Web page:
receiving a modification based on operator input representing a manipulation by the operator of the first connection curve in the first frame or the third connection curve in the second frame;
determining whether the modification is acceptable with respect to the acceptability design constraint; and
providing a visual indication to the operator via both the first frame and the second frame based at least in part on whether the modification is acceptable with respect to the acceptability design constraint, the visual indication providing an indication that the first connection curve or the third connection curve overlaps an unacceptable production area,
the method performed programmatically by a computer-aided design system that comprises one or more physical computers.
2. The method of claim 1, wherein the prosthesis is a full anatomic restoration.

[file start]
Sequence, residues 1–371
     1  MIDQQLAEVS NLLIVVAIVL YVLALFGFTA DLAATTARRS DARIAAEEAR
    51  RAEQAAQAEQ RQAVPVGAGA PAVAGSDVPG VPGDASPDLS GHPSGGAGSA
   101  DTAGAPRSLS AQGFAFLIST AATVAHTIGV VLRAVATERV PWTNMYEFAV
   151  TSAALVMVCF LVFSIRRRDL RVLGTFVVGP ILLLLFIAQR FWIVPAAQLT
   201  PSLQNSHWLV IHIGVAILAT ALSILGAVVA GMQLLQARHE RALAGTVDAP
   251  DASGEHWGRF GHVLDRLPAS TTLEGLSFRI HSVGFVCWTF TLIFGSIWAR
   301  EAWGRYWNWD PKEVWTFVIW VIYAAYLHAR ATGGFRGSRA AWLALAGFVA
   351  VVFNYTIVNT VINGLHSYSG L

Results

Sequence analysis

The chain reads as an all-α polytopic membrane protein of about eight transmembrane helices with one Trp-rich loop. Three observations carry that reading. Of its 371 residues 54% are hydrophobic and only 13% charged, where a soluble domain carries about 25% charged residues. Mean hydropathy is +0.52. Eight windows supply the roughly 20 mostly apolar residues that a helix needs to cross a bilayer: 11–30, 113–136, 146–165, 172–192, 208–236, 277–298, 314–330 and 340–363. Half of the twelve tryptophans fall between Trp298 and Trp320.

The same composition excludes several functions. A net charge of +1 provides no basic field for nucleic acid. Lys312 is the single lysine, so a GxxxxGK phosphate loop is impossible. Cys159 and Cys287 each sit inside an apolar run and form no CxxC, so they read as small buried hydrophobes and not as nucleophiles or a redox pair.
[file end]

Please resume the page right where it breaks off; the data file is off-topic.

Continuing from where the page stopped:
3. The method of claim 1, wherein the method further comprises: providing, via the first frame, a second indication of where the first dental restoration component and the second dental restoration component intersect.
4. The method of claim 1, wherein determining whether the modification is acceptable comprises determining whether the modification is acceptable relative to an intersection of the first dental restoration component and the second dental restoration component.
5. The method of claim 1, wherein the area comprises a colored region in the cross-sectional representation.
6. The method of claim 1, wherein the area comprises a patterned region.
7. The method of claim 1, wherein the second connection curve is non-manipulable.